You may get no satisfaction by accepting my suggestion that your concerns boil down to mechanisms covered in systems analysis, but that seems to be where you would benefit the most. Biological systems are about as complicated as it gets. But that's where the complexity you are pondering actually lies. It's not in any external agency or entity. It's in the invisible top level layer of the program, not one that resides in the DNA purely as genes, but as collections of genes carrying out a multi-threaded program that has no apparent source code. But it's in there. You just need Biology to reverse-assemble it. You can't see it because it's been compiled (compressed in to the DNA). Going down that road might help. Also if you had some pretty good sense of what Darwin was thinking between the time he got back to England and the day he finally published.

    I don't know if that helps, but I keep thinking I'll wiggle a bolt loose somewhere which that seems to be restraining you.
     
  9. paddoboy Valued Senior Member

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    And eventually we get to a point where chemistry and its many reactionary states, sees life arising from non life.
    In light of no other scientific scenario, it is as certain as one can hope.
     
  10. humbleteleskop Banned Banned

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    You have no perspective. Evolution of an embryo to the stage of walking-talking human being is "billions of years" more complex. You keep forgetting we created abiogenesis in the lab, it's very simple. You just don't like it because it doesn't have DNA, and that's like expecting to find remains of a dinosaur next to his iPod. Don't worry about it, you're just being irrational.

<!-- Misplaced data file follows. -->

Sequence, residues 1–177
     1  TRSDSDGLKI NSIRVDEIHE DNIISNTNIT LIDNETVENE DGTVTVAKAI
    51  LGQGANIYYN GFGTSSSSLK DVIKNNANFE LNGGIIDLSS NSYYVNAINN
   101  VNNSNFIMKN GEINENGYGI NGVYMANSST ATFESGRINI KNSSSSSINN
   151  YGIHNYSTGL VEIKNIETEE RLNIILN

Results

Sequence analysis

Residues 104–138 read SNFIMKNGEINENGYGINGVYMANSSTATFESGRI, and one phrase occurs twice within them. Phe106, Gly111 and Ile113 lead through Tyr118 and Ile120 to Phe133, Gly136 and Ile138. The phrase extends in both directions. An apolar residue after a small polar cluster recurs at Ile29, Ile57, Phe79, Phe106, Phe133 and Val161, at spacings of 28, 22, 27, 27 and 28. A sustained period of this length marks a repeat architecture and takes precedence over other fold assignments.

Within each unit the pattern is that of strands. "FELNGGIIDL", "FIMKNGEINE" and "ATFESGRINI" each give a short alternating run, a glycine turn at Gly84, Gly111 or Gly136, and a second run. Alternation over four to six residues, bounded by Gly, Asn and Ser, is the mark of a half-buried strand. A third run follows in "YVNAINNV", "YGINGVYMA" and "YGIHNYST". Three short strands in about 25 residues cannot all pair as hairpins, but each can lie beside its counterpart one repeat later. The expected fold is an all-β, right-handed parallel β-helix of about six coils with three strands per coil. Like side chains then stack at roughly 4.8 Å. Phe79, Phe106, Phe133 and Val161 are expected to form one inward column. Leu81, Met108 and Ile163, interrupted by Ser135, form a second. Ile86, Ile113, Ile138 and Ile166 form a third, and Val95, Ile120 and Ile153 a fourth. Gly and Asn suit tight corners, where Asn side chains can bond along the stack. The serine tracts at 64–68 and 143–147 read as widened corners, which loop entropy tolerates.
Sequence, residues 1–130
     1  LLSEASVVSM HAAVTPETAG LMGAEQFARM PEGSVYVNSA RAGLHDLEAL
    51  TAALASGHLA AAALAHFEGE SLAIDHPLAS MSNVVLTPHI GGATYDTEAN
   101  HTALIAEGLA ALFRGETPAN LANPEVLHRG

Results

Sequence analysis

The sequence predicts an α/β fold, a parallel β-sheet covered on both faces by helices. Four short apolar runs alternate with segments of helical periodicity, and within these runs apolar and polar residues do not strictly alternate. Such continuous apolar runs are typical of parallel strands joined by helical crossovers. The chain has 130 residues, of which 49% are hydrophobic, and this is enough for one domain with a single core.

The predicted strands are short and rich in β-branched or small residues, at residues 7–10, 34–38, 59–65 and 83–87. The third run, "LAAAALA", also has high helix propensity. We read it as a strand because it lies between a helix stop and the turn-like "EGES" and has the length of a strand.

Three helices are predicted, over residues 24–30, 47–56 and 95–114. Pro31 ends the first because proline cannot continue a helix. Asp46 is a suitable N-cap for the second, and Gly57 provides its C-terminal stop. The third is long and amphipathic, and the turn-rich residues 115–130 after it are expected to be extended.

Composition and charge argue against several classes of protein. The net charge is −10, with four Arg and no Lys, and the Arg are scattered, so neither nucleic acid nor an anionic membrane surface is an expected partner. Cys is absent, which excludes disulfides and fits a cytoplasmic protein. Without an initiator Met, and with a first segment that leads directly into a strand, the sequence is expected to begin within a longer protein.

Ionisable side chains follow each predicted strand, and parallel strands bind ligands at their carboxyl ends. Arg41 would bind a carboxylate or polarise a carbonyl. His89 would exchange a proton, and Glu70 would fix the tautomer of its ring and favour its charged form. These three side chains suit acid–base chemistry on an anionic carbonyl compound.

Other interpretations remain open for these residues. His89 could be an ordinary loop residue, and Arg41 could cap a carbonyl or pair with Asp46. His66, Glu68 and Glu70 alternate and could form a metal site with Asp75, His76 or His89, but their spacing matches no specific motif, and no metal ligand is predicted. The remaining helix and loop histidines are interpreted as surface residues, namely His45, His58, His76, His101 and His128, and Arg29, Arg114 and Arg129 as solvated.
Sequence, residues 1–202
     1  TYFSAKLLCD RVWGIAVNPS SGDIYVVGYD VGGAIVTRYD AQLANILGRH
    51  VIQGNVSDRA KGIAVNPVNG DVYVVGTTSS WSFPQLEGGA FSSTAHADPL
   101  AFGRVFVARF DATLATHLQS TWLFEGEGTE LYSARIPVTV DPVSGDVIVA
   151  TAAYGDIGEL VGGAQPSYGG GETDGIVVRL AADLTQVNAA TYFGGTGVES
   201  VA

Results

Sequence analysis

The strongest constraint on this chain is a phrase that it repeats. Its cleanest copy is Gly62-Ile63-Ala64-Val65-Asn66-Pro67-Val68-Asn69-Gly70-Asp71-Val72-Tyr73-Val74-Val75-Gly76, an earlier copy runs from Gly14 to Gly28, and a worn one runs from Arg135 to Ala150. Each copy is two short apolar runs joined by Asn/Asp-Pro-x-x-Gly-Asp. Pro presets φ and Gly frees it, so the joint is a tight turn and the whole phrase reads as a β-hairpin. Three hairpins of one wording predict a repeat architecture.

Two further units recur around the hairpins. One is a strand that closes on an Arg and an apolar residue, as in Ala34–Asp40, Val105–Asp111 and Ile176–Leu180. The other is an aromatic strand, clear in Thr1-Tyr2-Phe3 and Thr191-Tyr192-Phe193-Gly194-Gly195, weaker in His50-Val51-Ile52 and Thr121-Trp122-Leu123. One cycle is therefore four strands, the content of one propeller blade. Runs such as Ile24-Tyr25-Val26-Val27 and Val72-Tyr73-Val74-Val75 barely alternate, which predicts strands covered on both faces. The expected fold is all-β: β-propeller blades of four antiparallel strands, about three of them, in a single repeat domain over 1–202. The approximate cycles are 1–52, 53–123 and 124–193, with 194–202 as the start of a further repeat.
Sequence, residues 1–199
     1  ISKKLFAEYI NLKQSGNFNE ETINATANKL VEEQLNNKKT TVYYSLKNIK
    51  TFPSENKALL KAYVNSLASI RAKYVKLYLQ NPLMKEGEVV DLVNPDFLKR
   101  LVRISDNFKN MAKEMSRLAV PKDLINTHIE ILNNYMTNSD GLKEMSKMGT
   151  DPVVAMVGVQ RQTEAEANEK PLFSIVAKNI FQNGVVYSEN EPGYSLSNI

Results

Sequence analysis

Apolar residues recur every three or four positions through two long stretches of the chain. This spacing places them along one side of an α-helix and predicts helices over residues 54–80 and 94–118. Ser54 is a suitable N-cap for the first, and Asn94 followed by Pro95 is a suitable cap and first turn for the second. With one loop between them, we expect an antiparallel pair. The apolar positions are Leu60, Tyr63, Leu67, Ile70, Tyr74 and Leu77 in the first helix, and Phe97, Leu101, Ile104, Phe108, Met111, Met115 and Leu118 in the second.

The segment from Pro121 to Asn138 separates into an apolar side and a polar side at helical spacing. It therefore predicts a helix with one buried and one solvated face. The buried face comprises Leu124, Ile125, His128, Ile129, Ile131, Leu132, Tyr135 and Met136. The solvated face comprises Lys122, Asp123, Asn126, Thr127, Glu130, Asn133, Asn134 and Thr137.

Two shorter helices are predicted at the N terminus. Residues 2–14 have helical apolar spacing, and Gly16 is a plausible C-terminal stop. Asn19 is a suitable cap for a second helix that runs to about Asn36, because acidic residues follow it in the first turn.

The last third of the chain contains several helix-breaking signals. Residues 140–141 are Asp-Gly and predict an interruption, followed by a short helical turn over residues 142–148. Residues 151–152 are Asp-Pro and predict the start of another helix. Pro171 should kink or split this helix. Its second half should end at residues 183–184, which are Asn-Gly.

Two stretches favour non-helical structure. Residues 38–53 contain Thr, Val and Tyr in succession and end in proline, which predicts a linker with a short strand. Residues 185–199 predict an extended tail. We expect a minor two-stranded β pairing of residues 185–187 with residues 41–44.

11. Russ_Watters Not a Trump supporter... Valued Senior Member

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    Both are opinions: the first is your opinion about your person philosophy of critical thinking.
    Now that is a matter of fact: by definition, the impossible does not happen.
    You didn't answer yes or no. You are still dodging the question, saying contradictory things that seem to imply no, but can still mean yes. So I'll ask again:

    Yes or no: Do you believe in creationism?
     
  12. Aqueous Id flat Earth skeptic Valued Senior Member

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    The problem with that thread (and this one) is that the antagonists seem to have little or no interest in science. Here (currently) it's mostly the physical process like what Trippy just explained above. But the free will question is one of Biology. That's why I touched on the biological aspect.